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Sep 25, 2011

Trumpeter Swan re-introduction is successful hereabouts

Photo by BarrytheBirder
Cygnus buccinator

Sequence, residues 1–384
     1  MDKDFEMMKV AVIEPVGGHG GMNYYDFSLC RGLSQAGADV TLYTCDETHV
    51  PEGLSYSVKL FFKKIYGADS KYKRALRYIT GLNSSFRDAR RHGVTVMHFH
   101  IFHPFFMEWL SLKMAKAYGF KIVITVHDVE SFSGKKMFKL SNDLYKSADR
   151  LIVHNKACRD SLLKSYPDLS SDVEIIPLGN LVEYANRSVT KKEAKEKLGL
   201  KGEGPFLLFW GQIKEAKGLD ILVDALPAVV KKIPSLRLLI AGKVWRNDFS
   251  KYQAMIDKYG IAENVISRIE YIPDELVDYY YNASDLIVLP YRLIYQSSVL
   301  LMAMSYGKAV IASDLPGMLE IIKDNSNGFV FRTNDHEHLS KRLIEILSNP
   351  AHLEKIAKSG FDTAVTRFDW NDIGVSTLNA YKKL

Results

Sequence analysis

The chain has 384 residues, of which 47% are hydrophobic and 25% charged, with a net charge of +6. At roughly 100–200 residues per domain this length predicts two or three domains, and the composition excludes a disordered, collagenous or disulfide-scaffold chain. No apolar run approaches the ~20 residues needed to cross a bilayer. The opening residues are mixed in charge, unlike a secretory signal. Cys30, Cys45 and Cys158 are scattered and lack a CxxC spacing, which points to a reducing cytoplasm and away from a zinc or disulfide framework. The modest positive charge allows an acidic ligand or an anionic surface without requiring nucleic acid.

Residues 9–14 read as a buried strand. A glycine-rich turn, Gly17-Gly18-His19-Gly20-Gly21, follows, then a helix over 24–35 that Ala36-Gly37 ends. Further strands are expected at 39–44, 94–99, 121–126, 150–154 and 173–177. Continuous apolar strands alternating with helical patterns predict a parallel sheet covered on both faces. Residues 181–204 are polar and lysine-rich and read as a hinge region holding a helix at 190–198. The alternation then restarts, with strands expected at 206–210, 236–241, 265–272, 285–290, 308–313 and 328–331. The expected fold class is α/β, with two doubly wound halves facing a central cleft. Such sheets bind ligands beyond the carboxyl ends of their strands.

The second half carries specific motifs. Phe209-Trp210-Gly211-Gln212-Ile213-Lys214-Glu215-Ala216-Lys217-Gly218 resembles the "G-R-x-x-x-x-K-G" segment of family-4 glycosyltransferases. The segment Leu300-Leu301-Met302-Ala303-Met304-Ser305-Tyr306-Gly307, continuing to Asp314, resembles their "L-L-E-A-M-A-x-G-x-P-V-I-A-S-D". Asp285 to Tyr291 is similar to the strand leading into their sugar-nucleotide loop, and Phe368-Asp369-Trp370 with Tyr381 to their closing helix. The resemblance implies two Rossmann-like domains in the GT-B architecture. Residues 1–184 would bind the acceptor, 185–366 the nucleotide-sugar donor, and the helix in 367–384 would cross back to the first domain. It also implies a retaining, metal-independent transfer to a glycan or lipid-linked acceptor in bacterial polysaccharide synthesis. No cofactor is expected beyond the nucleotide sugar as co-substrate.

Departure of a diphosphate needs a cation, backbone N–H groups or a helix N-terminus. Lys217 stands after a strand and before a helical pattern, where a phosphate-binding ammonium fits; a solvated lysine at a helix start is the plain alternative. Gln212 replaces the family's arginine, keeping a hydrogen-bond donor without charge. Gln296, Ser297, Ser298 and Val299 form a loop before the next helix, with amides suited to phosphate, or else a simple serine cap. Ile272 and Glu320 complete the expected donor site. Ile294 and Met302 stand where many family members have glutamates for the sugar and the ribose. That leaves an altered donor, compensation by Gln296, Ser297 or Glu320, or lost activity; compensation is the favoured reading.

Pictured here are an adult and three younger Trumpeter Swans which are currently thriving at a private woodland pond near Newmarket.   There are three other adults at the same site.   Together, they make for a game of swans; game being the collective noun applied to swans.   The three younger swans still have faint traces of dinginess in their colouration (barely visible in this photo) but will be snowy white, like the adult at left, in short order.   Trumpeter Swans (along with the Tundra Swan) were hunted to extirpation, in Ontario, during the late 1800s.   Recovery began after protective legislation was passed in 1916.   The swans returned early on to the more remote regions of Ontario, such as Hudson Bay, but it is only now, almost 100 years later, that these huge, beautiful creatures are once again breeding locally.   Even then, it is only happening with the hands-on encouragement and protection of local land-owners and the determination of wildlife agencies.   Most noted, in this regard, is the distinguished Harry Lumsden, of Aurora, who, more than anyone, has been the Trumpeter's foster parent in Ontario.   Please comment if you wish.

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